Meanwhile, the corporations that control the vast majority of forests continue to post record profits. These companies close mills, curtail operations and export raw logs for the exact same reasons they log in drinking watersheds, destroy endangered species habitat and cut down thousand-year-old trees. Their profits are their top priority and their decades of unsustainable harvest levels are catching up with them. 

Photo: Logged old-growth with second-growth in the background, Spuzzum Valley (WC files)
Logged old-growth with second-growth in the background, Spuzzum Valley (WC files)
Photo: Raw log export ship in Port Alberni (TJ Watt, Ancient Forest Alliance).
Raw log export ship in Port Alberni (TJ Watt, Ancient Forest Alliance).

Governments talk about the need for balance between jobs and the environment, but it’s always been corporate profits at the expense of both. Since the late 1990s, declines and increases in logging rates no longer mean declines and increases in jobs in B.C. Over the past several decades, the amount of logging has gone up and down, while the number of forest industry jobs has steadily plummeted.

Reversing this is possible.

Other jurisdictions create more jobs and more dollars for the same amount of timber harvested. Many have outlined how forestry in B.C. could be made more sustainable by prioritizing local manufacturing and more democratic management  of forests.

Photo: Ancient red cedar in the Walbran Valley (Dave Hutchison).
Ancient red cedar in the Walbran Valley (Dave Hutchison).

Building real solidarity at the community level, looking for solutions that work for ecosystems, distributing profits more equitably, maintaining good local jobs and respecting Indigenous sovereignty is crucial to replace status quo old-growth logging with a more respectful and long-lasting model.


To maintain healthy forests and, just as crucially, public trust, immediate measures to stop logging in at-risk old-growth forests are required. Multi-year or decade-long processes are no longer a luxury governments can afford because the most threatened forest ecosystems will be gone by then.

B.C.’s Old-Growth Strategic Review panel recognized this. That’s why they called for the deferral of all at-risk old-growth within six months to allow space and time for government-to-government talks with First Nations and long-term planning. The government missed this deadline, and that’s why tension and conflict continue — from blockades on logging roads to demonstrations outside the forest minister’s office.

Governments need to face the truth: changing old-growth policy slowly is now the same as doing nothing.

Photo: Emily Hoffpauir in a clearcut, Caycuse Valley (WC files)
Emily Hoffpauir in a clearcut, Caycuse Valley (WC files)

Immediate deferral of all at-risk old-growth forests is a necessary first step to demonstrate the provincial government’s commitment to its promised paradigm shift. But deferrals implemented to date fall short of this.

This first step must be accompanied by funding to compensate First Nations, municipal governments, contractors and workers for any lost jobs and revenue resulting from it. The COVID-19 pandemic has shown how quickly governments can mobilize resources when they need to — and they need to here. Once measures are in place to ensure old-growth ecosystems are no longer at risk of being lost, long-term planning must begin.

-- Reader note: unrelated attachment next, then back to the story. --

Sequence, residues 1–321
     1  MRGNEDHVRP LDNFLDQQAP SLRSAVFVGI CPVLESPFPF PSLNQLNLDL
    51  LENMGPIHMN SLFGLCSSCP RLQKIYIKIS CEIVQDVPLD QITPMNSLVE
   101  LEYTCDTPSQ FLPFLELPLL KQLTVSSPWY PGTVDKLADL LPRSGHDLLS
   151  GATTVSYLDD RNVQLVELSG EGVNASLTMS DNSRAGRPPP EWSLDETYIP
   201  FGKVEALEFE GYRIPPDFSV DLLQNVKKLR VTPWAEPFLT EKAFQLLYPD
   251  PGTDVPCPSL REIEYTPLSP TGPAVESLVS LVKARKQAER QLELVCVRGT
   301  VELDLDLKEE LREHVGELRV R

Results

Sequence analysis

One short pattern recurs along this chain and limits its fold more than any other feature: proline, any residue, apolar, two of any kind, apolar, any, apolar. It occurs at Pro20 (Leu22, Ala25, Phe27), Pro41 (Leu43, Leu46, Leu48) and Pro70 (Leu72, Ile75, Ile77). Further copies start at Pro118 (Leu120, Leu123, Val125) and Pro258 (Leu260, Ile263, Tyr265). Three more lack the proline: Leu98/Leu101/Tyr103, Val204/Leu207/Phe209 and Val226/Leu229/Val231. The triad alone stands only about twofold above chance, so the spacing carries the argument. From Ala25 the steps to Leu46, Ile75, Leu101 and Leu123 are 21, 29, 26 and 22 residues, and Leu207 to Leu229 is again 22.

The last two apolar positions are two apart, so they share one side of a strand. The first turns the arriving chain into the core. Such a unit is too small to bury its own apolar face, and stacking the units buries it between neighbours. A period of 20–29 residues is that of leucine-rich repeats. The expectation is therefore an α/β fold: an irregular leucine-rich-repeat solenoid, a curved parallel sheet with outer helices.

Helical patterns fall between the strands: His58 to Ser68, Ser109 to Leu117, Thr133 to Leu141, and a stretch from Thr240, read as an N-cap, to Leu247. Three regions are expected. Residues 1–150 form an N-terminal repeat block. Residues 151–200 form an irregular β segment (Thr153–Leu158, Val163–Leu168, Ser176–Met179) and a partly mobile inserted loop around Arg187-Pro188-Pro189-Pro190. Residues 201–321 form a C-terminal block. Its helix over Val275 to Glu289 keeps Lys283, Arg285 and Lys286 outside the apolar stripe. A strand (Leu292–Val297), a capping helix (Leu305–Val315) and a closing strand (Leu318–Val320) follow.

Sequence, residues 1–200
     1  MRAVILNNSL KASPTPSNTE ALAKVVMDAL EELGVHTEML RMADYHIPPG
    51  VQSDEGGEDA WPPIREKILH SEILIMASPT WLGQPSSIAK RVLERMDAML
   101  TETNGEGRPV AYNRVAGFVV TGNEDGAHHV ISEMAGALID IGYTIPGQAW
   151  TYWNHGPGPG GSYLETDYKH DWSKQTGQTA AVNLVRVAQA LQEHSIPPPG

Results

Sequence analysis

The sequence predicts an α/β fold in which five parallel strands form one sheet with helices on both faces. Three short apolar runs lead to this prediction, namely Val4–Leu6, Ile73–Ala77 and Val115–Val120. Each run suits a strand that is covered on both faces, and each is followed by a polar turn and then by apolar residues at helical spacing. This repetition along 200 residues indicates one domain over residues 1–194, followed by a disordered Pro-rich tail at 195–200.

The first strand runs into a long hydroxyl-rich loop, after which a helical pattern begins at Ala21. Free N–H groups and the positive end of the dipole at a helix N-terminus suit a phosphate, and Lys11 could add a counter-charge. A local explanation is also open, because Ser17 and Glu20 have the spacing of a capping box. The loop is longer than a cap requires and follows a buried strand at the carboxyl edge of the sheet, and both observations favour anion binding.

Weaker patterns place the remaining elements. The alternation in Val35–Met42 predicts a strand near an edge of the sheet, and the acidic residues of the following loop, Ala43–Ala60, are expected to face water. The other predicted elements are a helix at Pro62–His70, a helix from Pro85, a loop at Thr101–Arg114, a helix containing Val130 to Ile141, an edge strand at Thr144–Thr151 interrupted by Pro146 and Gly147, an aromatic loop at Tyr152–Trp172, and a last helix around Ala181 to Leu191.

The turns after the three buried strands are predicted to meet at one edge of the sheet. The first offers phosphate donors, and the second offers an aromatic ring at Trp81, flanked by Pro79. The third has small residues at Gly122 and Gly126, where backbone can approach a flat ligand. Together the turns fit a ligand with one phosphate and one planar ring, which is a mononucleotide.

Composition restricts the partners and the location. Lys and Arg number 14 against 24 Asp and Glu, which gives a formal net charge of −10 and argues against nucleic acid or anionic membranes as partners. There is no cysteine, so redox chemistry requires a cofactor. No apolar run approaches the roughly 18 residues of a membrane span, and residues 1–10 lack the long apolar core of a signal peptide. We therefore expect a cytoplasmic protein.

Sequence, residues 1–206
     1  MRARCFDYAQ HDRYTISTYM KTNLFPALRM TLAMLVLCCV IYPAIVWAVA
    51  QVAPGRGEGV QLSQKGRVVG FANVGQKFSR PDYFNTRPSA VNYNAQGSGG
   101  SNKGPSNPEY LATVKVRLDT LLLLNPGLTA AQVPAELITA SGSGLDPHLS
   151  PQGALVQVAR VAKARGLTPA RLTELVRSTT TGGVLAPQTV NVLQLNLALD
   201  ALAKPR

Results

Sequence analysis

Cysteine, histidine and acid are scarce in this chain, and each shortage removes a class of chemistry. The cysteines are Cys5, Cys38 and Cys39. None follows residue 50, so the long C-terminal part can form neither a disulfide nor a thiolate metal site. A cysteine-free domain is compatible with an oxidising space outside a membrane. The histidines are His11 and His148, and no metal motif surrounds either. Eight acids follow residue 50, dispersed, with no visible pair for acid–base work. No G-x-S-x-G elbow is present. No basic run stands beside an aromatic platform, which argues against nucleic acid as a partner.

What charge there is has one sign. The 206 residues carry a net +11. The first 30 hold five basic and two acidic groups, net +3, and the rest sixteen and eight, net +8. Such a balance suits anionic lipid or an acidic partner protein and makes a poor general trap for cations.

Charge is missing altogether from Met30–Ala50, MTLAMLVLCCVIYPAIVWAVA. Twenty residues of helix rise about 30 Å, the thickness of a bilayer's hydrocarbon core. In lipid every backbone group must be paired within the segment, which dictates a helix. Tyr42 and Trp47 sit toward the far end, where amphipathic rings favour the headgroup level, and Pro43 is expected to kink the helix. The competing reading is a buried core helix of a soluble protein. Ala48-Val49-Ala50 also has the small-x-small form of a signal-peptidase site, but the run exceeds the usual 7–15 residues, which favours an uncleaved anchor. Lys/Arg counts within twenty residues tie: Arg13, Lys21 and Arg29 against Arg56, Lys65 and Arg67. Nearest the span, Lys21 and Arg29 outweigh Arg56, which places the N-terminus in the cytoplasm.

Priority number one has to be justice for and the return of land to Indigenous Peoples. The variety of wildlife is highest on Indigenous-managed lands, and Indigenous communities are the only societies that have managed forests sustainably on this continent. Restoration of that authority is our path forward.

Next, we must ensure all values provided by forests are balanced and end the prioritization of timber as the overriding thing we manage for. Finally, we must determine a sustainable operating level for the forest industry. Accepting that current logging levels are unsustainable is necessary to shift the entire model from maximizing volume and profits towards value and stability.

Because of how we’ve framed this conversation, this path seems like an ambitious one. But be they environmental or economic, the problems in the woods are rooted in an unbalanced and unhealthy way of relating to forests and getting this right is of global importance.

Like all good things, the momentum towards this has been built by people, and a better future for forests in B.C. and across Canada will be won by us too.


Commitments and promises don’t stop chainsaws from cutting into thousand-year-old trees and falling irreplaceable forests — only the provincial government changing laws does that. Please raise your voice and call on your government to:

  • Immediately identify at-risk old-growth  ecosystems and halt all logging within them  so long-term planning can begin
  • Engage in nation-to-nation talks with Indigenous Nations and establish permanent plans that include protecting old-growth forests and returning land to Indigenous people.

Join the call on the B.C. government to keep its promise and protect old-growth forests. Sign our petition. 

Torrance Coste and Emily Hoffpauir visit Caycuse Valley (WC files).
Torrance Coste and Emily Hoffpauir visit Caycuse Valley
(WC files).